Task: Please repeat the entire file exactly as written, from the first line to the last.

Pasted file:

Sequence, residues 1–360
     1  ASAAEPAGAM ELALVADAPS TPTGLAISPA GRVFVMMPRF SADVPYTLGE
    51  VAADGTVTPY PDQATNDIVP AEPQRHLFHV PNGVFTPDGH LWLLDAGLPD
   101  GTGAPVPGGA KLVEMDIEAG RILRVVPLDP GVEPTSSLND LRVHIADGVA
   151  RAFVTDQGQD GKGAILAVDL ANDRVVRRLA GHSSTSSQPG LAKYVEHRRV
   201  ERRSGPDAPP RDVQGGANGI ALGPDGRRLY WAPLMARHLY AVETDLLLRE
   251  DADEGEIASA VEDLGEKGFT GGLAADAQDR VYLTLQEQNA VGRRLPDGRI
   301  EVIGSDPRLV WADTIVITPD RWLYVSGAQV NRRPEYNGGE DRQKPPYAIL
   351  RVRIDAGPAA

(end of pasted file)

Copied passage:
Sequence, residues 1–360
     1  ASAAEPAGAM ELALVADAPS TPTGLAISPA GRVFVMMPRF SADVPYTLGE
    51  VAADGTVTPY PDQATNDIVP AEPQRHLFHV PNGVFTPDGH LWLLDAGLPD
   101  GTGAPVPGGA KLVEMDIEAG RILRVVPLDP GVEPTSSLND LRVHIADGVA
   151  RAFVTDQGQD GKGAILAVDL ANDRVVRRLA GHSSTSSQPG LAKYVEHRRV
   201  ERRSGPDAPP RDVQGGANGI ALGPDGRRLY WAPLMARHLY AVETDLLLRE
   251  DADEGEIASA VEDLGEKGFT GGLAADAQDR VYLTLQEQNA VGRRLPDGRI
   301  EVIGSDPRLV WADTIVITPD RWLYVSGAQV NRRPEYNGGE DRQKPPYAIL
   351  RVRIDAGPAA